According to Nia’s godmother, “When he snatched the baby, the gorilla took the baby and ran with it. And when he went to run, he turned around and he looked at Courtney and he dropped the baby and ran after Courtney” — contradicting her immediately previous statement that Little Joe stomped Little Nia. Dropping is not stomping. Or did he drop-kick her? By the time the case comes to trial, I wouldn’t be surprised if he did. The Daily News, then, departs from the Hollywood paradigm of the Associated Press — this is not a Fay Wray situation at all. Here the helpless, innocent human female, Little Nia, was a sort of bystander who got in the way. This was something between Little Joe and Big Courtney Roberson, who probably looked more like a young female gorilla in heat than any animal the born-in-captivity, hormonally charged up Little Joe had ever seen. She may have played on that. There’s some monkey business here. After Little Joe’s August breakout, “zoo officials installed electrified wires to keep him from escaping again,” in addition to the 12 foot wide, 12 foot deep moat. How did he get past all of that? “There’s a lot we have to find out, and we’ll be reviewing what happened,” as CEO Linehan is quoted in both stories as saying, so it must be true. I have a theory. It was an inside job. Little Joe got out just before closing time, i.e., just when many zoo employes were probably getting off work. I think Big Courtney Roberson was one of them. She claims to have been taking Little Nia “for an outing” — not at the zoo, which was closing — but apparently right outside, although the neighborhood has no other attractions. I think Roberson, recalling the publicity around Little Joe’s first escape, turned off the juice and let him out, and then planted herself, babe in hand, in his path. I wouldn’t be surprised if she were the aggressor. I think what Courtney was courting was a juicy lawsuit, or a tryst, or both.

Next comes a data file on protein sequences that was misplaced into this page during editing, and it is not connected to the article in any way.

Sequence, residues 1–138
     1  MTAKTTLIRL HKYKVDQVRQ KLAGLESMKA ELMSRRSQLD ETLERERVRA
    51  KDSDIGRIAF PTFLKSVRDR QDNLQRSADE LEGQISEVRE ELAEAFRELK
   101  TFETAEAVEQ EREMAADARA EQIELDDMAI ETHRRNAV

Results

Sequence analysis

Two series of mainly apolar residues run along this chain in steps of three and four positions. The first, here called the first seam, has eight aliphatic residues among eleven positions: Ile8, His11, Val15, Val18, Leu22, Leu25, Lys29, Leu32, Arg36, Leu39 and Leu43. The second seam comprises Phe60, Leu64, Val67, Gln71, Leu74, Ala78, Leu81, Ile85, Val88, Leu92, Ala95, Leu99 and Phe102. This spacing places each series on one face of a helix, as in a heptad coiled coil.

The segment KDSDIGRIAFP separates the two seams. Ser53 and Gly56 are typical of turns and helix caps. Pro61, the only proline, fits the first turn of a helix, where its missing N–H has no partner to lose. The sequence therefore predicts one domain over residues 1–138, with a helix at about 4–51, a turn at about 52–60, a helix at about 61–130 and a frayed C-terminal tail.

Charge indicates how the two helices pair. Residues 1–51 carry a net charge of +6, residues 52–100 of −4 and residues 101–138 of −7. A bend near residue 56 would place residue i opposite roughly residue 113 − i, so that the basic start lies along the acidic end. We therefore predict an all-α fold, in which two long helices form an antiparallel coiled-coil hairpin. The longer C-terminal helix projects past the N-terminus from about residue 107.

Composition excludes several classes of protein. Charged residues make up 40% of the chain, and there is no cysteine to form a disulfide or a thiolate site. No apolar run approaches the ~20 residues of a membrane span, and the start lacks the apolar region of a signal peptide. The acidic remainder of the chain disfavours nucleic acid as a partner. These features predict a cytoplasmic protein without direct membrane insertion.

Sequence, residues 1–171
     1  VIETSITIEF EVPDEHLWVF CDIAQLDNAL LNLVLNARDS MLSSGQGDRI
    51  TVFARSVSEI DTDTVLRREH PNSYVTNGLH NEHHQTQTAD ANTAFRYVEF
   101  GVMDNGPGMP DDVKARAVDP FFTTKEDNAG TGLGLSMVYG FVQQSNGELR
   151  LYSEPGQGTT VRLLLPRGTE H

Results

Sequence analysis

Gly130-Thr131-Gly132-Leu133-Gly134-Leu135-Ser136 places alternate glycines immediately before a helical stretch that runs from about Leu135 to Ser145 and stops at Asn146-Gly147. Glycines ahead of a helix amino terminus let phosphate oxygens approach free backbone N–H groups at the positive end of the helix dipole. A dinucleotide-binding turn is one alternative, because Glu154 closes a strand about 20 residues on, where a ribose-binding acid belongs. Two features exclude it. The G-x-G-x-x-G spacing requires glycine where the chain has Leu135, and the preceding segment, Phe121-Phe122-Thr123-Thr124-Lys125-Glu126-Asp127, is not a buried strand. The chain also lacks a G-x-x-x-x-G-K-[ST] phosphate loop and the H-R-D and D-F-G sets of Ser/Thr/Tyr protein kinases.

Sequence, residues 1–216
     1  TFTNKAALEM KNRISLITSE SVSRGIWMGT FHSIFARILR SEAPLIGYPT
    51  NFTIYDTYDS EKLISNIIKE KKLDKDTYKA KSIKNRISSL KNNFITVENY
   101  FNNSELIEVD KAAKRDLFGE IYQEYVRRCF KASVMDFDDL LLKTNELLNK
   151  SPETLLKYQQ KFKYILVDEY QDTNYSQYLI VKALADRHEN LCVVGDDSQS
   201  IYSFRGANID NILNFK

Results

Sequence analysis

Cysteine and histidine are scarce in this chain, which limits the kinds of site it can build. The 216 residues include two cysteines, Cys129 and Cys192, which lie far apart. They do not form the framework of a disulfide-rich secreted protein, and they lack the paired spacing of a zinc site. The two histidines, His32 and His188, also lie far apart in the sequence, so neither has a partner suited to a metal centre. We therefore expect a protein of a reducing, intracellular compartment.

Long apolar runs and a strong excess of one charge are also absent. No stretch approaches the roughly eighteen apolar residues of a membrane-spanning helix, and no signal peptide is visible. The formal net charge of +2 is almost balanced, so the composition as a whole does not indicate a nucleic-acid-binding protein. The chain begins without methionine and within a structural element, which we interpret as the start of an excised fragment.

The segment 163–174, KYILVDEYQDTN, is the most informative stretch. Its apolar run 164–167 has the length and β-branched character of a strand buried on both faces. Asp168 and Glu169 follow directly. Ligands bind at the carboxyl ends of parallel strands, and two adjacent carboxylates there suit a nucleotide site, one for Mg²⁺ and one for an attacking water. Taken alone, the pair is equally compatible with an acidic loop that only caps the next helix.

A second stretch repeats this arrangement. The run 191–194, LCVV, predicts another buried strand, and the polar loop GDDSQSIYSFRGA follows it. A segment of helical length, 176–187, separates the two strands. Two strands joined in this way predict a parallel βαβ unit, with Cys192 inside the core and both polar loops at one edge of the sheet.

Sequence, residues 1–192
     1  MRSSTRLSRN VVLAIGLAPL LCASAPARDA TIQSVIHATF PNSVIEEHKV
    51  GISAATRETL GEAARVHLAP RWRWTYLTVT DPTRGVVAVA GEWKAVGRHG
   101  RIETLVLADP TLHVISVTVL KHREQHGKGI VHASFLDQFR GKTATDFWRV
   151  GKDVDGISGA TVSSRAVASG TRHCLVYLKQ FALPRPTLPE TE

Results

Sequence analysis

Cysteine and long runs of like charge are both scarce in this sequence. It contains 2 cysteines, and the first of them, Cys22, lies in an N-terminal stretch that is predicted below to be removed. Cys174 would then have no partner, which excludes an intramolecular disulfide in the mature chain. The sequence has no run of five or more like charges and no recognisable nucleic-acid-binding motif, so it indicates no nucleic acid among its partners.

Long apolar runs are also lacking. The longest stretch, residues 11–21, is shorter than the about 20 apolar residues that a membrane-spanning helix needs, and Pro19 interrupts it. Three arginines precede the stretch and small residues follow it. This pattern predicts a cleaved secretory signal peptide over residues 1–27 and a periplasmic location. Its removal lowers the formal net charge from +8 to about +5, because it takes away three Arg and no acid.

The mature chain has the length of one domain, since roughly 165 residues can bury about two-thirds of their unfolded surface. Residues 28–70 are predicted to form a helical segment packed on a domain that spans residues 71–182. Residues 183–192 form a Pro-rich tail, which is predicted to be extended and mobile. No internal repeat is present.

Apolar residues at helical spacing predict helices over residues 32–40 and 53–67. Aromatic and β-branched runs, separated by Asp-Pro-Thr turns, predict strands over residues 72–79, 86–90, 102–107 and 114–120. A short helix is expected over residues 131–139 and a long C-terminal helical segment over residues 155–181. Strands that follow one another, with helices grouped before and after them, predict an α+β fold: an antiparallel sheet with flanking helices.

If I am right, the “raging ape” was the victim here in a most immediate way. He was set up and he was exploited. But if I am wrong he is still a victim, but in that case not the only one. Incarceration in a zoo is a far more serious wrong than a bite on the back from a runaway gorilla.
Now that we know that we share something like 98% of our DNA with Little Joe and his kind, we might rethink our relations with gorillas. About 15 years ago, a visiting Slovenian anarchist, Gregor Tomc, joined me for a visit to the renowned Washington Zoo. An anti-Communist dissident, he was especially curious to see the pandas donated by the Red Chinese. (Nobody calls them the “Red Chinese” any more. Why not? They haven’t changed.) The monkey house depressed him: “They’re too human,” he said.